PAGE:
Daughter Pia was diagnosed with Hodgkin’s Lymphoma when she was 13. (“The worst weekend of my life,” Phillips says.) With her best friend, Pia turned the experience into a nonprofit called Pab’s Packs, which distributes backpacks full of donated comfort items like stuffed animals, blankets, and journals to patients at children’s hospitals.
“When I see my daughter doing that...,” Phillips starts to say, but pauses when tears interfere.
Dean and Karin divorced in 2015. His current partner is 29-year-old Annalise Glick, a devastatingly pretty musician-turned-art-consultant from Bloomington. She’s the proprietor of AGG | Glick Gallery, a mish-mash gallery that also sells clothing and home goods with an emphasis on local makers. The aesthetic is akin to the Walker Art Center, albeit with more textiles. Its limited hours and unanswered phone suggest that Glick doesn’t spend much time there.
When asked if he’ll marry again, Phillips says, “Absolutely. I hope so. I celebrate marriage. A lot.” For now, however, “I’m married to the campaign.”
At the helm of that campaign is election finance reform. Phillips refuses to take money from PACs and lobbyists. This comes in stark contrast to Paulsen, who has evolved from a moderate state legislator to a virtual caricature of the corporate congressman, routinely voting against his district’s interests in favor of his benefactors. He voted for the recent Republican tax bill, despite its harsh treatment of residents in high-tax states like Minnesota. And Paulsen has been almost obsessive in his pursuit of lowering taxes for the hyper-profitable medical device industry, which sends him more money than it does any other member of Congress.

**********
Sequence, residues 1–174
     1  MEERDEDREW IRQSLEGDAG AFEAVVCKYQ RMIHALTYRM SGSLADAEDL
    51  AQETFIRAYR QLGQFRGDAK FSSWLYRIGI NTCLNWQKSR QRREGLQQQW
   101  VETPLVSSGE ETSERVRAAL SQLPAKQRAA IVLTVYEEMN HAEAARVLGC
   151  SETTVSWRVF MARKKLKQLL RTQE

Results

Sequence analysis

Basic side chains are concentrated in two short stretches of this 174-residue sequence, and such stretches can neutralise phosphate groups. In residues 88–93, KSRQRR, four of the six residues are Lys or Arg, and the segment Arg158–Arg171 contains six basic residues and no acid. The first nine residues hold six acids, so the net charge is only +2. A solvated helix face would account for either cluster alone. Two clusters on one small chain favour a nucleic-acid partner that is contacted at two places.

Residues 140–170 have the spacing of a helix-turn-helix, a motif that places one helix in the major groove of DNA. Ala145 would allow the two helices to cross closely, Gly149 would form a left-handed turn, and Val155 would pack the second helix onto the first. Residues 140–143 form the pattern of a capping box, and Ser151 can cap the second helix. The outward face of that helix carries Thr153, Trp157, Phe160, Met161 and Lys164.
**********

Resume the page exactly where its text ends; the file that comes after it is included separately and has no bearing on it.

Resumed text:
Over five terms in D.C., Paulsen has collected more than $7 million from various special interests. (He did not respond to repeated interview requests.)
Phillips has placed this ability to purchase a congressman at the center of his campaign.
“Whether you’re talking about tax policy or health care policy or gun violence reduction or opioid addiction programs, none of this will be accomplished as long as politicians are beholden to interests that have lots of money and lots of influence.”
Phillips longs for a return to whistle-stop campaigns, wishing more candidates would do what he’s about to do at the dog park: show up and talk to constituents.
“When we start losing that human interaction, I think a lot of people start feeling like they’re not heard and listened to,” he says. “Bernie Sanders and Donald Trump recognize the same underlying need of people, which is to be heard. I think Donald Trump was part of a wonderful strategy to make people believe he really cared about them. If you look at what he did versus what Hillary did—he had rallies, big rallies. Hillary Clinton spent, I think, way too much time in fine homes and country clubs raising money.”